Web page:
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On Motherhood

To the Moms I Can’t Stand: It’s Not Me, It’s You

No hurt feelings, but I don’t play mean girl games. We’re either genuine friends or we’re not, and I won’t entertain anyone’s dramatics.

Getting Real with Kira Hazledine

Children force at least a little bit of socialization. It’s good for them to make friends, and for our children to do that, it means we have to take them public places. The only real problem is that their moms are usually there, too. No surprise there. It gets worse when your child is friends with another whose mom is someone you would normally steer clear from.

I want to believe that my first attempts at friendships are genuine. I try to be inclusive and not judge other parents, because every child is different and this shit is hard. I want to give people the benefit of the doubt, especially if we are going to be running into each other at the playground regularly. It’s important to be able to play nice.

But, you know what? I don’t want to be friends just because our kids are. I’ll be polite because I’m a grown woman that’s trying to set a good example. And if this were any other setting, I would honestly tell you that I can’t stand you.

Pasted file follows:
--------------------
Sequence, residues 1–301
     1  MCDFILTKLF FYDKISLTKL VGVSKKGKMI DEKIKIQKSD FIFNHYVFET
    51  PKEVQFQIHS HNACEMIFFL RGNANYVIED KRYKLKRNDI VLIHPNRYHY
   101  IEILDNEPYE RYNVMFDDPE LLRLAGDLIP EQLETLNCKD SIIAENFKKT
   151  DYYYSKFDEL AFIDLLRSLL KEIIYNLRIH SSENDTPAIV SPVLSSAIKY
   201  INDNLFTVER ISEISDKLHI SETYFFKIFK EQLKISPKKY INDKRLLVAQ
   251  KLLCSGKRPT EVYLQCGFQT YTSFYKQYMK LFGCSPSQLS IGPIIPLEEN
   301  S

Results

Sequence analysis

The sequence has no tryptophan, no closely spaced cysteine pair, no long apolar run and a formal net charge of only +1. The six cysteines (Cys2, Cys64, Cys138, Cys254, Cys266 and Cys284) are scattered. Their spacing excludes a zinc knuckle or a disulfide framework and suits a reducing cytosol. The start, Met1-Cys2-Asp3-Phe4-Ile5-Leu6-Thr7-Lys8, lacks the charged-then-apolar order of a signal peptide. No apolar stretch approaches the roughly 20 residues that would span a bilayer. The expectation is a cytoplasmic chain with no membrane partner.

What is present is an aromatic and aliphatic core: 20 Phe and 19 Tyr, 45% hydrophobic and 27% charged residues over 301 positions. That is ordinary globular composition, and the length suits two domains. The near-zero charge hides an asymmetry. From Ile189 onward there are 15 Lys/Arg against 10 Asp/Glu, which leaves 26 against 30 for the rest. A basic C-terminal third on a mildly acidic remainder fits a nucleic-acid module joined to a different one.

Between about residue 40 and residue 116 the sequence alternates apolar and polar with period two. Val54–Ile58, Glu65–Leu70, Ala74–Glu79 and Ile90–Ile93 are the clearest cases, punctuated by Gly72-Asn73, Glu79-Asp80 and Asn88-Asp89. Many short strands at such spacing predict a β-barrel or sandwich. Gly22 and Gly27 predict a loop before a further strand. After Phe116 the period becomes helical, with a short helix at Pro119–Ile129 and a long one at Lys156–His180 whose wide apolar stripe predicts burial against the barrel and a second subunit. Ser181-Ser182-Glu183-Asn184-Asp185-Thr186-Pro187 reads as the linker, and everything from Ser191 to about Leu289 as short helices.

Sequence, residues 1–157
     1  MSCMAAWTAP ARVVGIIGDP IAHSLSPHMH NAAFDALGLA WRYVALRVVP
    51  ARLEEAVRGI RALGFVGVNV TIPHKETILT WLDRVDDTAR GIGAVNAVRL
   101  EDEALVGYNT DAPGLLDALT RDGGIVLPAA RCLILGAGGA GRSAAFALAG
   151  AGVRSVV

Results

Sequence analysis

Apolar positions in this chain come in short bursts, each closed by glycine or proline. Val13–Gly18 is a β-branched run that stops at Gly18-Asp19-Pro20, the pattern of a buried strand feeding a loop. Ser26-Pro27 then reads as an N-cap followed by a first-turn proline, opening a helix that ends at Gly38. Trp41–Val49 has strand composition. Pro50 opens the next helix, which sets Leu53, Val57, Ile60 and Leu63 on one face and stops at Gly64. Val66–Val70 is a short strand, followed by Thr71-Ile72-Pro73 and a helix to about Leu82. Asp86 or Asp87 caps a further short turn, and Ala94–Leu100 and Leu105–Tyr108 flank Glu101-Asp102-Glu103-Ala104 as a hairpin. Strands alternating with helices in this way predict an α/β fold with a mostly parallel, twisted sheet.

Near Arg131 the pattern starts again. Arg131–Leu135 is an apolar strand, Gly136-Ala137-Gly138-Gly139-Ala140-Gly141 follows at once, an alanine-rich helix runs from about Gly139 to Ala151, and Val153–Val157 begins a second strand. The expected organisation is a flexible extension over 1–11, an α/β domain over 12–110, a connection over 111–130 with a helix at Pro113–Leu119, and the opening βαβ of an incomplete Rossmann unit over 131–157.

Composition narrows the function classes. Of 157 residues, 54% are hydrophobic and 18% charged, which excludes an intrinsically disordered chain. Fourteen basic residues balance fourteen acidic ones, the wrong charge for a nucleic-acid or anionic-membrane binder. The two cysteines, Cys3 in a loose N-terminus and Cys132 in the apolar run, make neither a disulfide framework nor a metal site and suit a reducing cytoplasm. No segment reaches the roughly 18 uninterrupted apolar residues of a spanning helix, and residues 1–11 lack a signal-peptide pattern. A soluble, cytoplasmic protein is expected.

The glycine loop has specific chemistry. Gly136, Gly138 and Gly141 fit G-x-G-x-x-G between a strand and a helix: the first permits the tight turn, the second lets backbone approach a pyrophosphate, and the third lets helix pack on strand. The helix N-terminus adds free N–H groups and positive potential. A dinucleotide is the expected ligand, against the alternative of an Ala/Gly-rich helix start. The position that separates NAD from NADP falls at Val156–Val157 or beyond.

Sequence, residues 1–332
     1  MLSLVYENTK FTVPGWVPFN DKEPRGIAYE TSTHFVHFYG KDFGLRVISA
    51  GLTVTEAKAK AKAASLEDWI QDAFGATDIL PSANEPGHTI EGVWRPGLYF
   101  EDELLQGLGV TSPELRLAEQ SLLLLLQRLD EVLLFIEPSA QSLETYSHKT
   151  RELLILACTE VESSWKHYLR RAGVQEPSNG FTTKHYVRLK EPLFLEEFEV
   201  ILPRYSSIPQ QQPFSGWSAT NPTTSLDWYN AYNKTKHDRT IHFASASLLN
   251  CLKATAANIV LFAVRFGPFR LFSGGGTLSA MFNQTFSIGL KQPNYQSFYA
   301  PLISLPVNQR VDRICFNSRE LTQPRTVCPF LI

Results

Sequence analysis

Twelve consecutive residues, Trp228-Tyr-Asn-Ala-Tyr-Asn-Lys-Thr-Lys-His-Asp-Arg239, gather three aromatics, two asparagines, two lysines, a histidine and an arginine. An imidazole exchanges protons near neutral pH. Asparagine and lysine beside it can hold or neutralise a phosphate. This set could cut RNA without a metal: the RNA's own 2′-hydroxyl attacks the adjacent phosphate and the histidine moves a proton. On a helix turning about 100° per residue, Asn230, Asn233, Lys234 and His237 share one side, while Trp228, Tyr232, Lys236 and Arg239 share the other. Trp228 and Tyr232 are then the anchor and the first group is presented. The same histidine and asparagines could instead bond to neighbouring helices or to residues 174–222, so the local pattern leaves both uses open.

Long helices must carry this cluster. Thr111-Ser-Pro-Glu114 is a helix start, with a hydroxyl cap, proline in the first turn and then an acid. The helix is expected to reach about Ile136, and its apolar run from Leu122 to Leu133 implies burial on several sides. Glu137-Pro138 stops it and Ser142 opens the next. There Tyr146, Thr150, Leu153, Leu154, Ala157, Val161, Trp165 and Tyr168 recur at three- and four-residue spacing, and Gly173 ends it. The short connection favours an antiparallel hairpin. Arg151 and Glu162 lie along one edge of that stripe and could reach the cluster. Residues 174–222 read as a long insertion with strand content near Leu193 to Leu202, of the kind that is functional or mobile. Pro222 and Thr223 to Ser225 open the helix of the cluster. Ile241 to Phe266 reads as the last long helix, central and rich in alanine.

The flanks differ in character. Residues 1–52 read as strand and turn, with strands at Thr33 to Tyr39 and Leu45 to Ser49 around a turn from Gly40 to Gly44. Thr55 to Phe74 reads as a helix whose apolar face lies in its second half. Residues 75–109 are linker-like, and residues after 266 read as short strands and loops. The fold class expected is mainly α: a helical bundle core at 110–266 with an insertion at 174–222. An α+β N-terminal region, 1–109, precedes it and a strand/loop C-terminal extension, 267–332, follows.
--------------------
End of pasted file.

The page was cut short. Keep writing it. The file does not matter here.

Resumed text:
Why?

Your child has to be the best at everything. If my child must fail for your child to succeed, we have a problem. Humble bragging isn’t cute. Making everything a competition from first tooth to first step is annoying. Stop.

You let your child be a general nuisance to everyone around. Throwing toys and tantrums every second of every day. Purposefully picking battles with other children, and then sitting back casually as if it’s the most adorable thing and gee, kids will be kids, right? No. Teach your child to do better.

Your village has conditions. If I have to prescribe by certain beliefs, whether it’s religion or how I feed my child, we can’t be buddies, regardless how much my child may love yours. My mom village has no conditions, other than you not be an asshole (and that you vaccinate, because duh). Other than that, I’m pretty accepting of how you choose to keep your child alive.

Who doesn’t want to be friends with those around them? I’ve tried, I really have. But if the above statements apply to you, it’s you that’s the problem. You’re the reason we aren’t friends, and if our kids are still friends as they get older, we might have to break up with you officially. Your child will become the snotty person you are teaching them to be, and that will suck for my child.

No hurt feelings.

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